At the age of 14, Moshe Avital stood before Dr. Josef Mengele at Auschwitz. Mengele sent Avital’s father to the left, which meant death, and his brother to the right, which meant slave labor. After some hesitation, Mengele moved his finger to the right for Avital.
Speaking to a crowd of more than 430 Jewish professionals at the Museum of Jewish Heritage last month, the 88-year-old Avital said that there was one reason why he made it through the selection.
“I only attributed that to zchut avot,” he said, referencing the merits of his ancestors.
Avital spoke in honor of Holocaust Remembrance Day, at an event presented by the Young Friends of the Museum of Jewish Heritage and the Manhattan Jewish Experience. He explained how he survived six deaths camps, and a five-week death march. On that march to Buchenwald, only 400 of 10,000 prisoners came out alive.
In the death camps, Avital saw people murdered in front of him, and also saw people commit suicide by running into electrified fences. The event moderator, Miriam Leichtling, asked Avital if he ever felt like giving up on life.
“I had a very strong spirit,” he said. “This I attribute to my family. I learned that there is a God, and that the Jewish people will go on living. … I felt that somebody has to survive of the family. That’s what kept me going.”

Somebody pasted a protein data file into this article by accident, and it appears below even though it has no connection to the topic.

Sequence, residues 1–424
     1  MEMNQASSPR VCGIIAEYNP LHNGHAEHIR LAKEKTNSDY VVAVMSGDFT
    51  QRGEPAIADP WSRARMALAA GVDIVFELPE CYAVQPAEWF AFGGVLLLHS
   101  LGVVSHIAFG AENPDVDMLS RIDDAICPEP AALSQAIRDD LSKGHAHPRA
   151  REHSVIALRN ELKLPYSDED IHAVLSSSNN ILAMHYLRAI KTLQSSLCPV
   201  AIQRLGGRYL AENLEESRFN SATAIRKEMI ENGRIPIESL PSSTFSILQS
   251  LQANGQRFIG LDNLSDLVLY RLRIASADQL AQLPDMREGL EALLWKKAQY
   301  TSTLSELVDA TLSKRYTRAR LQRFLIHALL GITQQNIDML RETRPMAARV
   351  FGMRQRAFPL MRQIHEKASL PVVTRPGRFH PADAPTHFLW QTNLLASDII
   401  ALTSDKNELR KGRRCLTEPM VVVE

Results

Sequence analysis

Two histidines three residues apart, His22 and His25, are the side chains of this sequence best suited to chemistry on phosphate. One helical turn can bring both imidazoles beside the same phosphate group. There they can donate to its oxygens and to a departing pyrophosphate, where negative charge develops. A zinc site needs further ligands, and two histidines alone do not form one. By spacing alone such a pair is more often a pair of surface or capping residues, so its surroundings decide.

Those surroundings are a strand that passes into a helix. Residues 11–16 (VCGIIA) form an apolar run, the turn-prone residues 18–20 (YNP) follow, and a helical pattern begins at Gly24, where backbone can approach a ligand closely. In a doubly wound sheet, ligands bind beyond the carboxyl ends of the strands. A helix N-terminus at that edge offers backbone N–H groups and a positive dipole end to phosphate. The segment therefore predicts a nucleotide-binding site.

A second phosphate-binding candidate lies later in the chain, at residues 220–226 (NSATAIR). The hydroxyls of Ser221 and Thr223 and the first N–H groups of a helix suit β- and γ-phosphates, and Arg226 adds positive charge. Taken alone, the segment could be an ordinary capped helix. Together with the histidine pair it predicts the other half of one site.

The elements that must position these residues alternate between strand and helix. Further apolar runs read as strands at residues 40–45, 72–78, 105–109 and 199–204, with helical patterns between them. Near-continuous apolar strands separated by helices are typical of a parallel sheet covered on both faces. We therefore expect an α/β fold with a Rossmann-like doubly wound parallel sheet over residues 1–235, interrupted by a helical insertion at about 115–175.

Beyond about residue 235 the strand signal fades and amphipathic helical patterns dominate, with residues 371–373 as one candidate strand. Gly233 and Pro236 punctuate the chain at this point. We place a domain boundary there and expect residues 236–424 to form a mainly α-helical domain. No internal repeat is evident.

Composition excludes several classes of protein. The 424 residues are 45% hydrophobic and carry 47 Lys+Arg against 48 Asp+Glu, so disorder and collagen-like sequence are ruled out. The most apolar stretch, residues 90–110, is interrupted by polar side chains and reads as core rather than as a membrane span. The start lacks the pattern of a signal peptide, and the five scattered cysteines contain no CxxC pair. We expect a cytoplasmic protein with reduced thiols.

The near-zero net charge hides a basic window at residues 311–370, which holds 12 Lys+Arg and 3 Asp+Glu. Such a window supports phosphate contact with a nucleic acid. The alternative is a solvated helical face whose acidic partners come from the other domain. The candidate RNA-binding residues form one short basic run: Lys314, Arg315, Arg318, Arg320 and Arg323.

Filipina Joana Chris Arpon’s unusual journey to becoming one of the few non-Israeli and non-Jewish volunteers in Israel’s military began with an earthquake – in the country her parents migrated from.
The disaster in 2013 struck a region where Arpon, an Israeli-born Filipino, had relatives. Amid the chaos, a search and rescue unit of the Israel Defense Forces (IDF) was dispatched to provide disaster relief, and ended up rescuing her grandmother.
“Then I chose to serve in the same unit that saved her,” Arpon told Reuters.
She has since been honored by Israel’s president as one of the country’s most outstanding soldiers and was recognized at a festive ceremony last week.
Arpon’s service is all the more unusual for the fact that, as the daughter of economic migrants from the Philippines, she is not an Israeli citizen – though she hopes to change that.
The Mottle Wolfe Show: Mottle and Brian’s weekly recap show 5-11-2017
Mottle and Brian John Thomas (Brian of London) catch you up on the news from Israel and around the world.
Covered on the show: Marwan Barghouti gets caught eating during the Palestinian Prisoners hunger strike, Trump and James Comey, Brian’s first trip to Hebron, and Tommy Robinson.